standing, immobile,

stilled by the implacable sentinels at the doorstep,


these immovable sentries,

concealing the door,


that leads to today …



art from google



your love …

art from google



you swirled into my life like the scent of the parched earth after a few drops of rain …


you filled my heart with the nectar of your love and you drowned away all my pain …


you swirl and fill me each day with the caressing melodies of your love’s refrain …


you have made me yours with my heart in the palm of your hand …


to feel truly loved ..


again and again … and again


 

art from google

84 … for our father


http://www.thepresidency.gov.za/national-orders/recipient/moosa-mosie-moolla



84 …



(for our father and grandfather and comrade Mosie Moolla who turned 84 years old this June 12)


Mosie Moolla with Nelson Mandela in the 1950s



84 …


The number says so much, the years of sacrifice and struggle that can never truly be left behind,


the stark years of revolution when you and the countless footsoldiers shared the tightest bonds of comradeship,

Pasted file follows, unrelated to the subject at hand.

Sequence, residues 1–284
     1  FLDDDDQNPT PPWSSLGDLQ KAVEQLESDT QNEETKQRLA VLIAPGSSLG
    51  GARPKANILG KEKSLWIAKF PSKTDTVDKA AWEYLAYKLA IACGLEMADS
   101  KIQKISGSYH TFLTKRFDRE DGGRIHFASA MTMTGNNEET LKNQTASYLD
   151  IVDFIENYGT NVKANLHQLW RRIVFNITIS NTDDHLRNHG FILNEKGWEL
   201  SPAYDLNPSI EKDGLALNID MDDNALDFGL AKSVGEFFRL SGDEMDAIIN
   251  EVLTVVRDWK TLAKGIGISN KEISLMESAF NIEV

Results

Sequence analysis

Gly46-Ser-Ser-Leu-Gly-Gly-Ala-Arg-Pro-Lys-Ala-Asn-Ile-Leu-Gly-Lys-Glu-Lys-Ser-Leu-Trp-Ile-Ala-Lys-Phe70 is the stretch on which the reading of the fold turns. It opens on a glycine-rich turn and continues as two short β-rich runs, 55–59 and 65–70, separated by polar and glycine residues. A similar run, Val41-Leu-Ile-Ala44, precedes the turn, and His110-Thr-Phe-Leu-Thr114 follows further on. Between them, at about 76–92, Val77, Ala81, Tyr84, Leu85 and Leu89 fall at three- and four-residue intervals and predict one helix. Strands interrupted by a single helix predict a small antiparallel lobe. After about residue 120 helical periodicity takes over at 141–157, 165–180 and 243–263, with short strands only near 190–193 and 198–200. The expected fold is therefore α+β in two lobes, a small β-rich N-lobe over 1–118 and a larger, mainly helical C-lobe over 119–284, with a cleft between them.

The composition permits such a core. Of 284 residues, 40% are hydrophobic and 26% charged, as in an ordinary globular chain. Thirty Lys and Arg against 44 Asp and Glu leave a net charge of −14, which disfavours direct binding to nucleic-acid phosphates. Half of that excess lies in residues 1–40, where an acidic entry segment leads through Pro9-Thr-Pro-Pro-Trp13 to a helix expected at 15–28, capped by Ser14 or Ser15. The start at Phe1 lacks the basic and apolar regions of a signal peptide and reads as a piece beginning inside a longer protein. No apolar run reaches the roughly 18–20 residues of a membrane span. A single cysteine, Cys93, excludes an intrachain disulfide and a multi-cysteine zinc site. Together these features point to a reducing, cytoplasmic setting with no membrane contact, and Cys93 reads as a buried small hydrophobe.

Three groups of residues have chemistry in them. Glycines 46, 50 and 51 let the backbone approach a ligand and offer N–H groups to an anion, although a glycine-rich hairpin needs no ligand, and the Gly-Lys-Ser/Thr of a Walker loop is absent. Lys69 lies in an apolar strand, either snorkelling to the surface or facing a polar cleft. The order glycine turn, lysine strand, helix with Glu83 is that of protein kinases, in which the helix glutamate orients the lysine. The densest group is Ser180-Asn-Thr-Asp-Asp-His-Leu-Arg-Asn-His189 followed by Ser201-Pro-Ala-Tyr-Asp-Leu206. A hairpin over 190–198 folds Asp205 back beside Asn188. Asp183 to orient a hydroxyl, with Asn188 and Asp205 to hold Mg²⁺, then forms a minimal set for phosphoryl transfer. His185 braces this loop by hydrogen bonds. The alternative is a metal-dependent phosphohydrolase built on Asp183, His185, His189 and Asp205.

the dedication to the cause of freedom against the savage cruelty that was the crime against humanity – Apartheid,


the 27 years in exile, separated from your two children, your family, your home,


holding the hand of our mother who stood by your side, torn apart from her children, her family, her home.




84 …


the number says so much, more than half a century ago, forging relationships in the cauldron of resistance,


your brothers and your comrades –


Nelson Mandela,

Oliver Tambo,

Walter Sisulu,

Moses Kotane,

JB Marks,

Joe Slovo,

Nana Sita,

Bram Fischer,

Ahmed Kathrada,

Alfred Nzo,

Yusuf Dadoo,


and so many more,

in whose hearts and spirit the fires of the just fight roared on, never to be dimmed.




84 …


the number says so much, of our mother and of your shared sacrifice, of not knowing the joys of seeing your daughter Tasneem and your son Azad grow, the pain of being ripped away from your families, your homes, your motherland,


to travel to distant countries to keep the fight alive on the outside, building solidarity in the world to isolate Apartheid South Africa,


to fan the embers into the flames of international pressure against Apartheid South Africa.